The "Black Hole of Calcutta" was a tiny prison cell in Fort William, in the Indian city of Calcutta. According to John Zephaniah Holwell of the British East India Company, on June 20, 1756, the Nawab of Bengal imprisoned 146 British captives inside the airless room overnight - when the chamber was opened the next morning, only 23 men (including Holwell) were still alive.
This story inflamed public opinion in Great Britain, and led to the characterization of the Nawab, Siraj-ud-daulah, and by extension all Indians as cruel savages. However, there is much controversy surrounding this story - though the prison was very much a real location that was later used by British troops as a storage warehouse.
Controversy and Truths
As a matter of fact, no contemporary sources ever corroborated Holwell's story - and Holwell has since been caught fabricating other incidents of similar controversial natures. Many historians question the accuracy, positing that perhaps his account may have been a mere exaggeration or entirely a figment of his imagination.
Some posit that given the dimensions of the room at 24 feet by 18 feet, it would not have been possible to cram more than about 65 prisoners into the space. Others say that if several had died, all of them inevitably would have at the same time as limited oxygen would have killed everyone simultaneously, not depriving them individually, unless Howell and his surviving crew had strangled the others to save air.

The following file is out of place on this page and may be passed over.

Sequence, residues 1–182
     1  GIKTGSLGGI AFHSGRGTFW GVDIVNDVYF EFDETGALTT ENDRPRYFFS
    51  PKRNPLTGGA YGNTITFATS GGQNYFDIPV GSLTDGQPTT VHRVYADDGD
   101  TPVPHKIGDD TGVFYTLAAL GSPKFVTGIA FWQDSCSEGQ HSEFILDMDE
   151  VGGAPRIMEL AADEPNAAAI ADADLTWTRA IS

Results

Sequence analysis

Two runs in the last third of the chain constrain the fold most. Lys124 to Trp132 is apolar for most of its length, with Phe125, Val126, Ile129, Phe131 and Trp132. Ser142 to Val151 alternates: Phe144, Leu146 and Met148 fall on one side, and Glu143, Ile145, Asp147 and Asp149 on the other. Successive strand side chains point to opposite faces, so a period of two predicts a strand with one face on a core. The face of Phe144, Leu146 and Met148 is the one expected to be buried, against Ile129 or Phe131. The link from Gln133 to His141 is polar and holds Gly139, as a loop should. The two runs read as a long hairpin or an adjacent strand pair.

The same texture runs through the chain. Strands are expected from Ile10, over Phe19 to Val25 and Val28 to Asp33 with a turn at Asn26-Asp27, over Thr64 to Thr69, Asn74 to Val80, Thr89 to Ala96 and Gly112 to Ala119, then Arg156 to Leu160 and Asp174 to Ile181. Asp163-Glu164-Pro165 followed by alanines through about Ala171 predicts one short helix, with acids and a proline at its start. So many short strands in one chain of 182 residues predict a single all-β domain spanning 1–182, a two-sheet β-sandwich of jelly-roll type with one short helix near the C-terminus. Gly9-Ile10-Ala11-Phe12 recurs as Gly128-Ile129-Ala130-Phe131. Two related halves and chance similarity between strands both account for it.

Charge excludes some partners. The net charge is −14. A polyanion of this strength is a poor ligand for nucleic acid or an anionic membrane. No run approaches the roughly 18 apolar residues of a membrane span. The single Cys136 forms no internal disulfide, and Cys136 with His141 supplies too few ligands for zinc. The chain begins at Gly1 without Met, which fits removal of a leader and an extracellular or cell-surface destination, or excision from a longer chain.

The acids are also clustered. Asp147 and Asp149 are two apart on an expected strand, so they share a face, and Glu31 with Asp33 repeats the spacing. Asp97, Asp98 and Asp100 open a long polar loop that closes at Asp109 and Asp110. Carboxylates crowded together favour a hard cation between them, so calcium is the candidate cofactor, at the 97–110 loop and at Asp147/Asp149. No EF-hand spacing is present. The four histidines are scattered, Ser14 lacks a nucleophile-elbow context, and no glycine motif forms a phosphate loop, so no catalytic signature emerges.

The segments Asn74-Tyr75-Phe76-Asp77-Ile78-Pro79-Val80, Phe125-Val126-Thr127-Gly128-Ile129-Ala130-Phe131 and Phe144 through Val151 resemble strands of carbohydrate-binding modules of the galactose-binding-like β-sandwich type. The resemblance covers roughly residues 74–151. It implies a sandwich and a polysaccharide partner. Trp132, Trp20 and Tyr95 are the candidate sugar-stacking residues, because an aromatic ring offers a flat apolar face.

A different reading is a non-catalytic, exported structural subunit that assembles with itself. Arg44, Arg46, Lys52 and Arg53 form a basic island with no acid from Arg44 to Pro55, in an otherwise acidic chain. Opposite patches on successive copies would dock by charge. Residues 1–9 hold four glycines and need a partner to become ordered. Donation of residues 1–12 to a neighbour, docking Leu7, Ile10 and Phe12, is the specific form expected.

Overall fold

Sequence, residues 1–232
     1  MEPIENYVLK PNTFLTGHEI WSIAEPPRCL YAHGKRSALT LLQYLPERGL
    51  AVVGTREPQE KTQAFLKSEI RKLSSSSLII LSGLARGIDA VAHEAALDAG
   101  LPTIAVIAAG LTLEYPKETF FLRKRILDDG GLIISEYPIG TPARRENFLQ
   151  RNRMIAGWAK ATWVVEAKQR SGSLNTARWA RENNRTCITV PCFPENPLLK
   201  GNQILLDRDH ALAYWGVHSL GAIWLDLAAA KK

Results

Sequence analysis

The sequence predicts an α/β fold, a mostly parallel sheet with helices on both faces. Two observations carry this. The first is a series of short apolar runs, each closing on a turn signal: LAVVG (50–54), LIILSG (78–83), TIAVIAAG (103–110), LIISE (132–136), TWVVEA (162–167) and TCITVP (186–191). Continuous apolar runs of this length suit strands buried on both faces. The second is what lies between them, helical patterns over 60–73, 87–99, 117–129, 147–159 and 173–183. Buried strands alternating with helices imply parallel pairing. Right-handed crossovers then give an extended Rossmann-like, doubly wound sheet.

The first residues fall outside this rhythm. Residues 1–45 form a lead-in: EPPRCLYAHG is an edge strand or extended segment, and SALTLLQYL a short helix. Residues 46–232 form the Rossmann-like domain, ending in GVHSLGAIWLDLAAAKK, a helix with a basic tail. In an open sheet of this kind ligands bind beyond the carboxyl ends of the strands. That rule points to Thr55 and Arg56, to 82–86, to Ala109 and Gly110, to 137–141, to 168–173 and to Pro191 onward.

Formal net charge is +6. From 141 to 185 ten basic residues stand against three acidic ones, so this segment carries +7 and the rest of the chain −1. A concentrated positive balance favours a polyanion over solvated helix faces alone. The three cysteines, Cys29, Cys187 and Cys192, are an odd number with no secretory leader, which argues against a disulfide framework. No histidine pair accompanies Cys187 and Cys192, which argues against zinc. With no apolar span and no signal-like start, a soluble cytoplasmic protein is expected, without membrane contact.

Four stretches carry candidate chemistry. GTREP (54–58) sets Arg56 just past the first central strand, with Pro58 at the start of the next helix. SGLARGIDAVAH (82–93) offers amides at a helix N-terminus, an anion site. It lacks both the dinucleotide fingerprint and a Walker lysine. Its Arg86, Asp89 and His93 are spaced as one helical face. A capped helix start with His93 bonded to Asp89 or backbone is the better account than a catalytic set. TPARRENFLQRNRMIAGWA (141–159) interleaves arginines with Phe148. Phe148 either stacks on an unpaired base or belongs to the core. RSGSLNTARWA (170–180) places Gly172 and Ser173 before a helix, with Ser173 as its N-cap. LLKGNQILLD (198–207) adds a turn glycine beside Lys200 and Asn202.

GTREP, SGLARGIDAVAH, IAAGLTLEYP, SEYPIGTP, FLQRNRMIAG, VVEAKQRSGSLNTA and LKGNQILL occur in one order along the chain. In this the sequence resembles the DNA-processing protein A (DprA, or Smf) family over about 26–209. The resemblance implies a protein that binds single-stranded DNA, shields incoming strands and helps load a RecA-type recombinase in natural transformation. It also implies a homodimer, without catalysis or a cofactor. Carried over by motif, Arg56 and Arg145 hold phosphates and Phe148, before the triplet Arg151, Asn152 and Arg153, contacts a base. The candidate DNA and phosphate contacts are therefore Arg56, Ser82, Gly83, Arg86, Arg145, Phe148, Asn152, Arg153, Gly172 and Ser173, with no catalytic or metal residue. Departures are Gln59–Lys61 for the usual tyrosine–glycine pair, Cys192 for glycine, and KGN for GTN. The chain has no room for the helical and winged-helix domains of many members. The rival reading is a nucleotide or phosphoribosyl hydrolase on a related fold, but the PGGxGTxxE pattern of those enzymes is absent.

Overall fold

The story of the "Black Hole of Calcutta" actually could be one of history's great scams, along with the "bombing" of the battleship Maine in Havana Harbor, the Gulf of Tonkin Incident, and Saddam Hussein's putative weapons of mass destruction.
Consequences and the Fall of Calcutta
Whatever the truth of the case, the young Nawab was killed the next year at the Battle of Plassey, and the British East India Company assumed control over most of the Indian subcontinent, ending the utilization of the "Black Hole of Calcutta" as a place for prisoners of war.
After the British conquered Nawab, they established the prison as a warehouse for stores during the preceding wars. In memory of some 70-odd troops that had supposedly died in 1756, an obelisk was erected in a graveyard in Kolkata, India. On it, the names of those that Howell wrote had died so he could live are immortalized in stone.
A fun, if little-known fact: the Black Hole of Calcutta may have served as the inspiration for the name of the same astrological regions of space, at least according to NASA astrophysicist Hong-Yee Chiu. Thomas Pynchon even mentions the hellish place in his book "Mason & Dixon." No matter how you regard this mysterious ancient prison, it has inspired folklore and artist alike since its closure.